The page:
However, it seems that a great number of financial institutions don’t appreciate the significance of research. According to Editions Financial, one in 10 companies surveyed believe research is either ‘not that important’, or ‘not important at all’. To me, this is as surprising as it is concerning.
I’m reluctant to sound like a broken record, but I can’t overstate how crucial research is to producing content of quality. Without insight, you’ll find it very difficult to give your audience content they’re able to sink their teeth into. If you want to be regarded as an expert, you need to ensure that everything you produce is bursting with nuggets of valuable knowledge. This will also keep them coming back for more.
What does your audience want?
Nobody knows what an audience wants to read better than the audience itself. So, with that in mind, it makes sense to ask people what content they’d like you to produce, right? Remarkably, not even half of the organisations surveyed said they speak directly to their audience in a bid to better understand their needs. Quite simply, if you’re not engaging with your audience, you’re facing an uphill battle from the outset.
We’ve spoken often about the value of designing personas, and of taking the time to learn how to speak to a specific audience, but it’s just as vital you acknowledge your audience’s requirements, and figure out how to give them the information they need. Without this knowledge you’ll be relying on guesswork, and rarely is that an efficient route to success.
Utilise the right channels
Of course, producing great content is only truly effective when you can get it in front of the people that you want to consume it. Not everyone can be reached via the same channels, and so it pays to know the distribution outlets that will give you the best chance of reaching an engaged and attentive audience.
Figuring out the most efficient channels can sometimes require a little bit of trial and error, so tracking metrics – clicks, open rate, conversions, shares – is vital. Not only will this give you an idea of how best to reach people, but it will help you measure ROI.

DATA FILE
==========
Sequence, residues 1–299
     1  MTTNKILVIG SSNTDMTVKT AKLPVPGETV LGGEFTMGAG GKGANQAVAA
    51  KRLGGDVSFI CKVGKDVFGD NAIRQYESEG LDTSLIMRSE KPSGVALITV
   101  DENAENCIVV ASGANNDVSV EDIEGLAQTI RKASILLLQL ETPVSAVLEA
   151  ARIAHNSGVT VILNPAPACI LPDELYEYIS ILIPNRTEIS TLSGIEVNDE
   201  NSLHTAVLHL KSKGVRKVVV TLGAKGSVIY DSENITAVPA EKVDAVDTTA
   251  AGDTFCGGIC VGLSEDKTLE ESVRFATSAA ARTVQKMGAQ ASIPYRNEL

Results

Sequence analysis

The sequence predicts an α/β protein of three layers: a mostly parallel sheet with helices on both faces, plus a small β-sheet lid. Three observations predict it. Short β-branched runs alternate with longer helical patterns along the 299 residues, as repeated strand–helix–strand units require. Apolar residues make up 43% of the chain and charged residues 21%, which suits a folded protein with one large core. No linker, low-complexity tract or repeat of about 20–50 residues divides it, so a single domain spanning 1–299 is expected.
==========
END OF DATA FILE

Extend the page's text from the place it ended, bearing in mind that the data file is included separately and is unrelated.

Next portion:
Only 34 per cent of respondents said their organisation is either ‘very good’ or ‘pretty good’ at tracking content marketing ROI, which reveals that, for many organisations, there is clearly room for improvement. Any content strategy worth its salt is crafted to boost the bottom line, and yours should also have this target. Having the right data, and being able to accurately interpret it, will help ensure that your marketing efforts only become more effective going forward.
Finding the time
One issue faced by many organisations, regardless of sector, is finding the time to produce quality work consistently. Content marketing efforts can often fall by the wayside in favour of tasks that can reap immediate financial gains. However, should this be the case, your SEO will suffer, and you will struggle to make an impression online, which could – and likely will – be detrimental to your cause.
We understand that it can often be a struggle to produce quality written work consistently, and that’s why we’ve developed our Blog Factory offering. We work closely with numerous global organisations to produce editorial strategies, blogs, articles, images and social posts, and now we’re turning out attention to SMEs. We want to help small businesses prosper through content marketing.
Need help planning your content? We’re running a free webinar on 21st February that will cover content strategy and planning, SEO and best types of content to get results. Register today.
Or, if you want to learn more about content marketing in the finance industry, you can get in touch with us here. We look forward to hearing from you!